Jesse (Elle Fanning), a (barely) sixteen-year-old virgin of surpassing loveliness, wafts into Los Angeles to become a model – though, in writer-director Nicolas Winding Refn’s dissociated, pared-down vision of the situation (and the city) she seems utterly innocent in the sense of showing little interest in the business of modelling or the fashion industry it’s a part of. All she has is a sense of her own loveliness, in which she is as secure as Mads Mikkelson is of his warrior skills in Valhalla Rising and Ryan Gosling his behind-the-wheel aptitude in Drive. Like those Refn protagonists, she’s as much a prisoner of her exceptional quality as its master – and the thrust of the story is that her purity, in the sense of not having to work to look as she does, spurs smitten or jealous women to become vampire harpies and take her down, perhaps literally to cannibalise her.
There are even more homages here than in a Hélène Cattet/Bruno.Forzani giallo repurposing, with a collage of nods to Bava (Blood and Black Lace), Argento (Suspiria), DePalma (Body Double), Lynch (Mulholland Dr), All About Eve (or, more likely, Showgirls) and even Paul Schrader (a lion in a motel room evokes a key bit from his Cat People remake). To attract an agent (Christina Hendricks in a one-scene bit), Jesse has entranced photographer Dean (Karl Glusman) take portfolio shots of her immaculately dressed lying on a couch with her throat cut – in the alternate universe of the movie, this is how to get noticed in the glamour bizz. Make-up tech Ruby (Jena Malone) spots her in a dressing room – eerily, they converse back to back while looking at each other in mirrors – and is eager to help her wipe off the stage blood, but also toothily predatory when it comes to luring her away from an unsafe motel — where that lion and a seething night manager (Keanu Reeves) who namechecks Lolita – to a palatial mansion where she is housesitting. Jesse puts off both Dean and Ruby, who have helped her, but Ruby is more pressing. Ruby divides her time between making up models for fashion shows and corpses for open-casket funerals, and when rejected by Jesse diverts her attentions to a corpse who can’t fend her off in an explicit, yet oddly reverential necrophilia scene.
Gigi (Bella Heathcote) and Sarah (Abbey Lee), who have resorted to surgery and perhaps witchcraft to attain (or retain) a look Jesse has without effort linger at the fringes of the story like Greek myth figures (or Australian cyborgs), and eventually close in for a terrifying, yet discreet attack – which may also be a wish-fulfilment for a girl who has been courting her own death by staging it several times, wandering in range of predators and even standing on a diving board above an empty swimming pool (everyone takes it as read that in this business you’re dead at 21 anyway). It’s ambiguous as to how much of Jesse is consumed since the gory details are kept out of frame, but after her exit from the film there are telling moments with Ruby using a garden hose to clear away mess (she specialises in getting rid of blood like some sort of inside-out vampire) or writhing in a shallow grave … and, in a comical gross-out conflating bulimia with the aesthetic of HG Lewis, a shoot featuring carapace-like breastplates is disrupted when a model has to rush into the bathroom to sick up an eyeball.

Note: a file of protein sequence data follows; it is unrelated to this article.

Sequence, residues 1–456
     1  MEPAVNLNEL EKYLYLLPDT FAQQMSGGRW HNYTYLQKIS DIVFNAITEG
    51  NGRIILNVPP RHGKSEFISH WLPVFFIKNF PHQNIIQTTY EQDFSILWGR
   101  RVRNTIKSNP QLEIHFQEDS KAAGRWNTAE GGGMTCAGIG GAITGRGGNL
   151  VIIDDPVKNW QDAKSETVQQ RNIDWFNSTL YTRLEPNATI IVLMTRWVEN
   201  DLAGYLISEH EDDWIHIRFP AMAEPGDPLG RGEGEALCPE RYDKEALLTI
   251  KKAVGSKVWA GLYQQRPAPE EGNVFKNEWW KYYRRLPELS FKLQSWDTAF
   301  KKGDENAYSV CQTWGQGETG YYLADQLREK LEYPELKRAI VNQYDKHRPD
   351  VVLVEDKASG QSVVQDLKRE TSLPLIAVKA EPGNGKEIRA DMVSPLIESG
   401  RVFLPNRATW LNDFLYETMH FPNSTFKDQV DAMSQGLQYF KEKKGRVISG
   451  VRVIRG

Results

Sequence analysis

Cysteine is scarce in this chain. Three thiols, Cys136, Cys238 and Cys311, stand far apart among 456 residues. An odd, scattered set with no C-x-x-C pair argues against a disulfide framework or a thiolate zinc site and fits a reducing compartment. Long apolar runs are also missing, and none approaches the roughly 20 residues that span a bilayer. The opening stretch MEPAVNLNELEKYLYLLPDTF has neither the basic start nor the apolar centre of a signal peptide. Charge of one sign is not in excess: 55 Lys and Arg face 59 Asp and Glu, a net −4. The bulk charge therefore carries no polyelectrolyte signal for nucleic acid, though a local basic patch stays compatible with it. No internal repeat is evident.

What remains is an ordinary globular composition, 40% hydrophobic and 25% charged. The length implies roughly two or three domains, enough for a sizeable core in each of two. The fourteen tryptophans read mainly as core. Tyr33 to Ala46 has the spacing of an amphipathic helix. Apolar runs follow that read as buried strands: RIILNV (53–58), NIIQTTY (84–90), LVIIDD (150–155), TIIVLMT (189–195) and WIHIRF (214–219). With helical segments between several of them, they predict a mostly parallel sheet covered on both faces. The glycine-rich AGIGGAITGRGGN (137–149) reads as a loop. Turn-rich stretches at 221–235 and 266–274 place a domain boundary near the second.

The Neon Demon – a distant fused echo of Terence Davies’ The Neon Bible and 80s trash Neon Maniacs – is always poised, evenly-paced, full of symbols whih are more decorative than meaningful (Jesse thinks the full moon looks like an eye, the title seems to refer to a constellation-like configuration of triangles), scripted with theatrically curt dialogue (‘I don’t want to be like them – they want to be me’), intensely acted by a solid cast who work hard at being neutral or covertly unspeakable (even Jesse is ruthless and arrogant) and has a hypnotic ubercool soundtrack. It’s set in an emptied world – one photo-shoot takes place in an enormous, featureless white room (which becomes a closed set, rid even of the support staff a shoot needs) and everyone lives or works alone in spaces far too big for them. Like Kiss Me Deadly, Barton Fink, Sorority Girl, What Ever Happened to Baby Jane? and many other Los Angeles horror tales, it ends on the beach – as far as a drifter can go.